Get Eleutheria essential facts below. View Videos or join the Eleutheria discussion. Add Eleutheria to your PopFlock.com topic list for future reference or share this resource on social media.
Artemis Eleutheria, from a coin minted in Myra of Lycia in honour of Empress Tranquillina.

The Greek word "" (capitalized ; Attic Greek pronunciation: [eleu?t?e'ria]), transliterated as eleutheria, is an Ancient Greek term for, and personification of, liberty. Eleutheria personified had a brief career on coins of Alexandria.

In Ancient Greece, Eleutheria was also an epithet for the goddess Artemis, and as such she was worshipped in Myra of Lycia. The Roman equivalent of the goddess Eleutheria is Libertas, a goddess in her own right, and a personification of liberty.


For R. F. Willets, Cretan dialect 'Eleuthia' would connect Eileithyia (or perhaps the goddess "Eleutheria") to Eleusis.[1] The name is probably related with a city in Crete named Eleutherna. Walter Burkert believes that Eileithyia is the Greek goddess of birth and that her name is pure-Greek.[2] However the relation with the Greek prefix is uncertain, because the prefix appears in some Pre-Greek toponyms like (Eleutherna).

In Roman mythology, Demeter (Ceres) has a daughter named Libera ("Liberty/Freedom").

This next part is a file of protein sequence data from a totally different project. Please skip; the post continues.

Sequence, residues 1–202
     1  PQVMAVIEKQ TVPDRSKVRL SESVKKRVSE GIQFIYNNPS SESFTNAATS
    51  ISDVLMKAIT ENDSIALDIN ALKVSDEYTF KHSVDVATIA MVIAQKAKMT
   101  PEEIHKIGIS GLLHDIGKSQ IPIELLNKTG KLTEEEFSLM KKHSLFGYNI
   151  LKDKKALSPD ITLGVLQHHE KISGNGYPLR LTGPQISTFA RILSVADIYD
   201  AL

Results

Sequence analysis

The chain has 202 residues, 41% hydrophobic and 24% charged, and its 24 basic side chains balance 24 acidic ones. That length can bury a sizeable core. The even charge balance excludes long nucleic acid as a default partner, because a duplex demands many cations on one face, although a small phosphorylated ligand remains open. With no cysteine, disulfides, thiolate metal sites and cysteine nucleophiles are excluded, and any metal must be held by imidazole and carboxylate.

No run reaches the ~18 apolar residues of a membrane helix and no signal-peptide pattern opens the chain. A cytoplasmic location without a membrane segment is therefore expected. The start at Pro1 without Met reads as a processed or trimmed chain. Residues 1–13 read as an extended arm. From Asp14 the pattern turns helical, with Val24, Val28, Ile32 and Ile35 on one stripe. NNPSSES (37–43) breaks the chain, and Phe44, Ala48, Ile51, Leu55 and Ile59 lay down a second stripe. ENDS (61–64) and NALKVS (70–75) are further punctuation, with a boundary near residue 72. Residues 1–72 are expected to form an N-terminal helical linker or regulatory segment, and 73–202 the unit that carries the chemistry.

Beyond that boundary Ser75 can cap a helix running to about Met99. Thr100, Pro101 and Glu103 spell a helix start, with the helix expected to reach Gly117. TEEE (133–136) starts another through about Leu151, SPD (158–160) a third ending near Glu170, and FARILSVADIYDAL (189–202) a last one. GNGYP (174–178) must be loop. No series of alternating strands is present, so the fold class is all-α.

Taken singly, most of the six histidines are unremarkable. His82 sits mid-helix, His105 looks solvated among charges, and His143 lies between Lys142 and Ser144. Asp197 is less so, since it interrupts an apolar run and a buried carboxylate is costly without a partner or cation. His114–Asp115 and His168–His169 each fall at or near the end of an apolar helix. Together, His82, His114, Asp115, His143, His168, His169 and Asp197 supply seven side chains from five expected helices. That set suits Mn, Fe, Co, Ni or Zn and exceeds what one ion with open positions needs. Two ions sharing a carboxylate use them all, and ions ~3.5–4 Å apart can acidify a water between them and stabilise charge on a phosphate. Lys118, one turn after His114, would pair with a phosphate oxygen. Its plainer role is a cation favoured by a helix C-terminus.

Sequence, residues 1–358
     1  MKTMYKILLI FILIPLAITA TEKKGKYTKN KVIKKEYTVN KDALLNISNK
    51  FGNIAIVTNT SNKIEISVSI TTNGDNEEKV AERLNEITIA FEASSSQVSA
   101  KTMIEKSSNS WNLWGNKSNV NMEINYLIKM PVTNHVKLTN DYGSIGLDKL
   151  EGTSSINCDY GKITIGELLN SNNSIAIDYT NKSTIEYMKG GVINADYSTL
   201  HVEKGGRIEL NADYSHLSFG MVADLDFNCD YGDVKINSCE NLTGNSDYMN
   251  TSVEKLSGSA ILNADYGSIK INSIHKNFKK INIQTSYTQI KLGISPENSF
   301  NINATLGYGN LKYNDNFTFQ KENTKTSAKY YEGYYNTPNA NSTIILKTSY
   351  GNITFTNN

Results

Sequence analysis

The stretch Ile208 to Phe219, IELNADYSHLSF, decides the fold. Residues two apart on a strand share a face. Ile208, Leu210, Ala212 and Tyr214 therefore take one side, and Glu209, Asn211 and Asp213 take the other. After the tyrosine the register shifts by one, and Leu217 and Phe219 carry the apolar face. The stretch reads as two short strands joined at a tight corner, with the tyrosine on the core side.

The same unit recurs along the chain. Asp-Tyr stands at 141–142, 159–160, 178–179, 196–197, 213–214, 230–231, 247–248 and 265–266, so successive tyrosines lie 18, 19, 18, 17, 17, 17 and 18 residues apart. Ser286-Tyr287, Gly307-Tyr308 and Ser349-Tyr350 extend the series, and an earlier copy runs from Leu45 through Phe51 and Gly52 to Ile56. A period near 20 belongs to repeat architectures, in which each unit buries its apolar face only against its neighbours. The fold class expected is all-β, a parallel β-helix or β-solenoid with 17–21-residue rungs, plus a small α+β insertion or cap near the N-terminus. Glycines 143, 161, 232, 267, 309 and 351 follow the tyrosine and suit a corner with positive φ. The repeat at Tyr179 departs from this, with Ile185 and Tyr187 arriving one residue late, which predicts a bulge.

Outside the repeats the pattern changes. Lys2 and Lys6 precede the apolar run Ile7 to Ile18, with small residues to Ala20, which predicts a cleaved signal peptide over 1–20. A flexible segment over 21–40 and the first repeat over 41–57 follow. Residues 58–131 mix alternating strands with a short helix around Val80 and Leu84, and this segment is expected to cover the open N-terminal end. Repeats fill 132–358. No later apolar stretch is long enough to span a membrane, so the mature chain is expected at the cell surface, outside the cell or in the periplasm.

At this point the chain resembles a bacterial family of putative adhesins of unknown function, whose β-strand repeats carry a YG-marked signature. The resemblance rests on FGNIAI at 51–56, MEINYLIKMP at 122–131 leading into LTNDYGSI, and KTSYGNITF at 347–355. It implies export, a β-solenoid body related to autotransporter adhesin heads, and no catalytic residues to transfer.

Modern interpretations

I. F. Stone, who taught himself Greek in his old age, wrote a book, The Trial of Socrates, pointing out that Socrates and Plato do not value eleutheria, freedom; instead were Sparta-lovers, wanting a monarch, an oligarchy, instead of a democracy, a republic.

The French philosopher Michel Foucault, in lectures given at Berkeley and Boulder, made the same argument for Socrates' failure to invoke parrhesia, freedom of speech, the obligation to speak the truth for the common good at personal risk, in his own defense at his trial, preferring to die in obedience to law as above men. Athenians held that they democratically shaped law, seeing Socrates' stance as treason.


  1. ^ Willetts, R. F. (November 1958). "Cretan Eileithyia". The Classical Quarterly: 222.
  2. ^ Walter Burkert (1985) Greek Religion. Harvard University Press p.26 [1]

  This article uses material from the Wikipedia page available here. It is released under the Creative Commons Attribution-Share-Alike License 3.0.



Music Scenes